Peak intensity 65 km/h (40 mph) (1-min)  996 mbar (hPa)

On June 7, small area of low pressure developed off the west coast of India. Over the following two days, convection associated with the low gradually organized and by June 9, satellite intensity estimates from the JTWC reached 55 km/h (30 mph). A TCFA was subsequently issued for the system before it made landfall in Gujarat early on June 10. Although overland, the low maintained significant convection as it turned westward and through its re-emergence into the Arabian Sea on June 11. Once back over water, convection rapidly spread westward in response to an anticyclone over the Arabian Peninsula and Afghanistan. Early on June 12, the cyclone was estimated to have attained tropical storm status based on a ship report near the center of 65 km/h (40 mph) sustained winds and a surface pressure of 998 mbar (hPa; 29.47 inHg). Later that day, strong wind shear stemming from the anticyclone displaced convection from the tropical storm by more than 110 km (70 mi), prompting the final advisory from the JTWC. The remnants of the system were last noted on June 13 dissipating over the Arabian Sea.[13]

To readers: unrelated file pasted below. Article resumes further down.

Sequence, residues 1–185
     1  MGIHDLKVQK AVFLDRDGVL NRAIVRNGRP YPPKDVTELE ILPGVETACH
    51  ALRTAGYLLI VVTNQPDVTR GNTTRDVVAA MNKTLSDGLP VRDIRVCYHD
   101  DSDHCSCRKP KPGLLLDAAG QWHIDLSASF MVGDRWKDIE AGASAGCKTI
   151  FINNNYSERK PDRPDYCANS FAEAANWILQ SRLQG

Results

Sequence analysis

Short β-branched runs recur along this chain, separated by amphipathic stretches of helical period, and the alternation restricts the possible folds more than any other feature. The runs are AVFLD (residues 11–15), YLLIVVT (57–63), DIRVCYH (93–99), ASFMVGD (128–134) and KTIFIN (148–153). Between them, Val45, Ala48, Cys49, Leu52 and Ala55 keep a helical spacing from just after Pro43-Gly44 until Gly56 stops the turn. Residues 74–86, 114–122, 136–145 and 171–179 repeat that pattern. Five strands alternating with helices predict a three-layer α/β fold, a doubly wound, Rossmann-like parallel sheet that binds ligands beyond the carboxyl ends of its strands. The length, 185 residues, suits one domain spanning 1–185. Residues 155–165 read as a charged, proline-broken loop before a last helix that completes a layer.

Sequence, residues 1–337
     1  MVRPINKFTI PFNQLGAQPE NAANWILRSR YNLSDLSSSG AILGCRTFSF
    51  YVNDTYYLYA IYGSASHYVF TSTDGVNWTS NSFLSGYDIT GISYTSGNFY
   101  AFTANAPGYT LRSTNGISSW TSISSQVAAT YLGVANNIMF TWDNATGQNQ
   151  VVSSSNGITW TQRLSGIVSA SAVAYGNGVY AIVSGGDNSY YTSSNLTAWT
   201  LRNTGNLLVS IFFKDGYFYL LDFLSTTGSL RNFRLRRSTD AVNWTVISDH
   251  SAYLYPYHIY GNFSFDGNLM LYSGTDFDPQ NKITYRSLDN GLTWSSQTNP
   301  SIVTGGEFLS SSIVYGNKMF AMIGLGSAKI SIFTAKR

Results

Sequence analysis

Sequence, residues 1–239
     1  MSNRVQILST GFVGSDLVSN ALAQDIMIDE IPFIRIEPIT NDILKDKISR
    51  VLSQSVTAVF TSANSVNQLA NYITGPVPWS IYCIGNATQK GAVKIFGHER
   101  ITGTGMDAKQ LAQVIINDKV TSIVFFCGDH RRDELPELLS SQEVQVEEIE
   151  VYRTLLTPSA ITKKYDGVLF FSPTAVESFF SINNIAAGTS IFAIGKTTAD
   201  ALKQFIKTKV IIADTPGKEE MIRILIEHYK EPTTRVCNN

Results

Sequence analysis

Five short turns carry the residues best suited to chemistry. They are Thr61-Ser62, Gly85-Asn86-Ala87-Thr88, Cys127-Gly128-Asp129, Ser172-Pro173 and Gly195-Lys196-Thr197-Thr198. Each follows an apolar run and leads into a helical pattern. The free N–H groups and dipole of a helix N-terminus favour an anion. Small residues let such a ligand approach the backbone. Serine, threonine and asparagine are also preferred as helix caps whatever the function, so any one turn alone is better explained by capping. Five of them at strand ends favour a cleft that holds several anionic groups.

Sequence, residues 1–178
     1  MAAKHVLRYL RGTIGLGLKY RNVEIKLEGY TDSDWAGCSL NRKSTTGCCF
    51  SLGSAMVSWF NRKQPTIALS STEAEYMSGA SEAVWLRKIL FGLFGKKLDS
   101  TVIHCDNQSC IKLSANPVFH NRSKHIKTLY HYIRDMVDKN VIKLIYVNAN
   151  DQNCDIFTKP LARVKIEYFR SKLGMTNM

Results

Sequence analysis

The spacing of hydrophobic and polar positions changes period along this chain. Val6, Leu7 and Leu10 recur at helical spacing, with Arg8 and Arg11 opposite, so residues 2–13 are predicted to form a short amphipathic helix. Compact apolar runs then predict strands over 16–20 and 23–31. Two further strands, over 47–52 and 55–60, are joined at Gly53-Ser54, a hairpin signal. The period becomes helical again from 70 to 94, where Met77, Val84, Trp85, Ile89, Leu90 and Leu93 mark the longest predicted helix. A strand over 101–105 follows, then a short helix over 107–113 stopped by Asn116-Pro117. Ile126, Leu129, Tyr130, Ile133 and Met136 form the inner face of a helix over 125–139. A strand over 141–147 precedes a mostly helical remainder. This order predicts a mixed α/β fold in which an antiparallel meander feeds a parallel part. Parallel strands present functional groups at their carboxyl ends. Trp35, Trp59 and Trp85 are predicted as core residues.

July Cyclonic Storm[edit]

Cyclonic Storm (IMD)
Counterclockwise vortex
Duration July 22 – July 25
Peak intensity Winds unknown 

On July 22, the IMD began monitoring a depression over the Bay of Bengal. Tracking west-northwest, the system intensified into a cyclonic storm later that day before making landfall in Andhra Pradesh, just north of Vishakhapatnam. Once onshore the storm accelerated towards the northwest and weakened. By July 24, the remnants of the cyclone were located over the state of Maharashtra. The system was last noted the following day over Gujarat and moving into Pakistan.[14]